With makers chasing ever increasing screen to body ratios for their flagships, there’s just no room for the front-mounted fingerprint scanner of yesteryear. Where should it move though – under the screen or round the back – Rossen and George discuss.
Ro: “The in-display fingerprint is the future.”
If it were up to me, I would have kept the fingerprint reader on the front on modern phones, but the trend of bezel-less displays is driving the fingerprints to the back of the device. The chin can no longer house them.
But don’t get me wrong – I enjoy those full-screen smartphones as much as the next guy – they are beautiful, arguably more functional and can house significantly bigger panels in the same footprint. Yet those fingerprint scanners on the back are always awkward to use. Rarely an OEM places it on a convenient spot – it’s either too high, too low or is placed right next to the camera causing accidental touches on the lens and smudging it (ahem, Samsung).
So the in-display fingerprint technology comes just in time for the bezel-less revolution. Or the latter forced the former. Anyway, it’s hard to argue with the fact that front-mounted fingerprint reader is hard to mess up – it’s accessible at all times. How many times you had to pick up your phone just to unlock it when lying flat on the table? Because for me, typing in a pin or drawing my pattern just can’t compare to the convenience of the fingerprint reader.
Sure, the in-display fingerprint technology isn’t quite there yet – it isn’t as consistent as a normal one and it sure is considerably slower. But it’s relatively new and more companies start to implement the tech, so it’s bound to be perfected in the next couple of years. Or maybe sooner? It all depends on how many flagships phones will come out with the new readers in the near future.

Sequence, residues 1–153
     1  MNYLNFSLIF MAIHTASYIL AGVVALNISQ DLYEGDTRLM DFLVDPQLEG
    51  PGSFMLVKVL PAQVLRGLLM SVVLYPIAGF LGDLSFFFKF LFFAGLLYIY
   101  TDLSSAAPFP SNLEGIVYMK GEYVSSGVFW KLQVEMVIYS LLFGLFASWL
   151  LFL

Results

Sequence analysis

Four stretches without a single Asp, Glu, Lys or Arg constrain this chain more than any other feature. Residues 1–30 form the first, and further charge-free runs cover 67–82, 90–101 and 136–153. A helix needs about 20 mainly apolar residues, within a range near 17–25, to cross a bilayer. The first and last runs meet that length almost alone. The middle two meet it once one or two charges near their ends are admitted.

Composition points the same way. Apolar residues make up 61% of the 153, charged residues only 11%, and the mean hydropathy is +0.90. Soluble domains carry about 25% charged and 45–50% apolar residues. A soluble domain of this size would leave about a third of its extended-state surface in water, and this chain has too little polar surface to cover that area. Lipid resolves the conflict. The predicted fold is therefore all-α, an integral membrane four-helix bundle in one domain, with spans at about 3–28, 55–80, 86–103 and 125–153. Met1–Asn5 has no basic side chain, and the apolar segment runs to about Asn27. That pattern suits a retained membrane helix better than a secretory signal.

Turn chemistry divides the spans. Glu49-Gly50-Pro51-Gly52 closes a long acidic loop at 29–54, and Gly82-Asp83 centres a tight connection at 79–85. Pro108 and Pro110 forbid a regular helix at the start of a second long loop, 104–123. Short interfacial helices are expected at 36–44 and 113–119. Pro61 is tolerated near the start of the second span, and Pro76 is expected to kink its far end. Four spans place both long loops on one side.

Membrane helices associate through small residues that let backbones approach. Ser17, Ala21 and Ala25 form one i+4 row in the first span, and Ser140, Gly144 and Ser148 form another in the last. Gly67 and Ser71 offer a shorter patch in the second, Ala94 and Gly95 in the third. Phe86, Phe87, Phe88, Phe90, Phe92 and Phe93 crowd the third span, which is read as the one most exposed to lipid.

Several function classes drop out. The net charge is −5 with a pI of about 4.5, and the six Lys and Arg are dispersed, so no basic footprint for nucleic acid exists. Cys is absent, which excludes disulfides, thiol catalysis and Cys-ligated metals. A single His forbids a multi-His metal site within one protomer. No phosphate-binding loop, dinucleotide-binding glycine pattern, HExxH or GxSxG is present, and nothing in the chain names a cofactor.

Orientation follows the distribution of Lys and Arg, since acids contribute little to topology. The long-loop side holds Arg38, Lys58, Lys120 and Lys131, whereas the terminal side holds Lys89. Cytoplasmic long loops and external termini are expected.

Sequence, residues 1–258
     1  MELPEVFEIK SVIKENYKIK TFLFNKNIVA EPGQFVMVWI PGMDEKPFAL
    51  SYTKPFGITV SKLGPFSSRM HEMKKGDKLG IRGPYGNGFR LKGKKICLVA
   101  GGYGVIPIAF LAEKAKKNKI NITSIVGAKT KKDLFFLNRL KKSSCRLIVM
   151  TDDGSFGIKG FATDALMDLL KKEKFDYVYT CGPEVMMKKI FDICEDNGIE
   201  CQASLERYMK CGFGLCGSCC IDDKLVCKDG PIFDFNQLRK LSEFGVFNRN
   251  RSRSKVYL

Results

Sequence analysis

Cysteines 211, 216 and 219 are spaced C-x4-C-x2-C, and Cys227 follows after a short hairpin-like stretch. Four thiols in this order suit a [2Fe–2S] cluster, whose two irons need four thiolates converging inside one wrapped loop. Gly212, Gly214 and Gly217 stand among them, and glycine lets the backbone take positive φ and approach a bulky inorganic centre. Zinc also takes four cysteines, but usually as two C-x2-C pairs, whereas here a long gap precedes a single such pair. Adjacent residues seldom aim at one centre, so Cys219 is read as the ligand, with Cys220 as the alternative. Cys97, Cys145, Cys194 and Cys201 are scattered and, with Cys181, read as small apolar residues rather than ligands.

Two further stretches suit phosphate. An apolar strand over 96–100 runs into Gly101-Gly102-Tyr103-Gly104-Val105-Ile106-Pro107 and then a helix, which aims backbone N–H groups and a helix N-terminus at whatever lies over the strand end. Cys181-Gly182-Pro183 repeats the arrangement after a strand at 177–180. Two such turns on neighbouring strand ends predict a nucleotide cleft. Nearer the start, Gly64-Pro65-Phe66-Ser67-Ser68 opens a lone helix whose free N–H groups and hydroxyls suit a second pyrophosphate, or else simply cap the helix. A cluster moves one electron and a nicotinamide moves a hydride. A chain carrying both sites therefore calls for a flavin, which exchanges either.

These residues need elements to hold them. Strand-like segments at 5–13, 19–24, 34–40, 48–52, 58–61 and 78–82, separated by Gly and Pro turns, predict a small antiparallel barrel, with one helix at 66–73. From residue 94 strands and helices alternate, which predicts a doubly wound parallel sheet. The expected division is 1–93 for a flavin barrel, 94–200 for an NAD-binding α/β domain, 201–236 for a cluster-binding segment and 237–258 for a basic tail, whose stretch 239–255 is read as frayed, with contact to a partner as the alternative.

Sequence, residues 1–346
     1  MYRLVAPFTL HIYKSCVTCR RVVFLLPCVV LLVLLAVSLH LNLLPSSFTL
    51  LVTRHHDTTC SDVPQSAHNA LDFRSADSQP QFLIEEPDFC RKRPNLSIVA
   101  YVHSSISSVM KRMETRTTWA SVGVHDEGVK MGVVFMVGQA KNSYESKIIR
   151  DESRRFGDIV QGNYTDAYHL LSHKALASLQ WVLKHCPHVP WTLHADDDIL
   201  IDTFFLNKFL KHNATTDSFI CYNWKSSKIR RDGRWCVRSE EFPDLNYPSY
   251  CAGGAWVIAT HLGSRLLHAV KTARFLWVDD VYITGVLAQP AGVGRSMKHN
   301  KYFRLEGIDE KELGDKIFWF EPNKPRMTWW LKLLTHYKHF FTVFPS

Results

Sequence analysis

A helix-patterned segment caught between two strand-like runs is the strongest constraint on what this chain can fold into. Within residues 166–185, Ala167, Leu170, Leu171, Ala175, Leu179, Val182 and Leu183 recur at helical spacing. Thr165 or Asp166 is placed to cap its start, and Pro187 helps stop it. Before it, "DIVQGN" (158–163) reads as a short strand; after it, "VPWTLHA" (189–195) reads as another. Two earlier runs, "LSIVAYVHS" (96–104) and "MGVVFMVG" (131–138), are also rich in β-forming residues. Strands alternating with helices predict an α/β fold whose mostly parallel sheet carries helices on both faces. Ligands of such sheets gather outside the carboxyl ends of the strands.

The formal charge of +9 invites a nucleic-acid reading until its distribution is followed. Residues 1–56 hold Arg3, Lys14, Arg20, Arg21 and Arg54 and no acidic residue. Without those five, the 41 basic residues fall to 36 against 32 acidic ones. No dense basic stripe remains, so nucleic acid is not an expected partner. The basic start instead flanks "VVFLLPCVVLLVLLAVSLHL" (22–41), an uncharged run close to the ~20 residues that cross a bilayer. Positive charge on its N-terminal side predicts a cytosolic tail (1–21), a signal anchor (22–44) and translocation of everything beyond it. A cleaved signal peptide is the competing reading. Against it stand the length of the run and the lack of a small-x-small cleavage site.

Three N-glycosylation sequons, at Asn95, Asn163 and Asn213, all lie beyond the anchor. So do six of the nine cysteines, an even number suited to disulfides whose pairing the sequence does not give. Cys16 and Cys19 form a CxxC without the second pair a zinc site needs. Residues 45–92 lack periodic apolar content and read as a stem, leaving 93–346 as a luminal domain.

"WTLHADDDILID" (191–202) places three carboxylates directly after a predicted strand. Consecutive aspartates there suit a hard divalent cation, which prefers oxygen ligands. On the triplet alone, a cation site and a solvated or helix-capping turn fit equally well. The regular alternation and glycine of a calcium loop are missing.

All we need to do is to wait just a little bit longer and you won’t be able to tell the difference between the conventional one and the in-display sensor. In fact, I will be glad to see vivo’s APEX concept phone developed even further because as far as I can see it, the half screen reader is going to be the pinnacle of the fingerprint technology.
George: “Living in the now.”
Boy, how cool are those animations on the vivo NEX S that light up the area around its under-display fingerprint sensor? Some sci-fi stuff right there. If only it would work every time. Or half the time. Or one out of four. Only it doesn’t.
The point I’m trying to make is that the technology behind under-display sensors is still early in its development and as it stands right now, it can’t compete with traditional ones in speed or reliability. A conventional capacitive sensor remains unbeaten.
And what’s with the war on rear-mounted readers? Use a phone for a week and finding the sensor location on the back becomes a non-issue. In fact, there’ll be no ‘finding’ – it’ll be second nature.
I’m not defending the ridiculous placement of the reader on the Galaxy S8 and Note8. The thing is, after using the latter with the Alcantara case (which serves as a tactile pointer where the sensor is) for two weeks (the entire stretch of time I owned the thing, a whole other story) and then switching back to the Pixel 2 XL, I kept reaching for that same spot for a good couple of days. So you just get used to stuff.
I can appreciate how rear-mounted sensors force you to use alternative unlock methods when the phone is lying on a table, and there’s really no good workaround to that. I’m personally the pattern type, but I admit it’s not ideal. So, perhaps a rear sensor for general use and an extra under-display one for those times?
All this is, of course, if we’re operating under the assumption that conventional front sensors are dead, which they don’t necessarily need to be. The whole bezelless craze is here to stay, but phones like the Huawei Mate 10 exist to show us that you can make a handset that’s mostly display, yet there’s room for a fingerprint reader below it – always there for you.
Which is, in fact, why I’m all for under-display sensors – when they can match the speed and success rate of conventional ones. Until then, let’s stick to what works.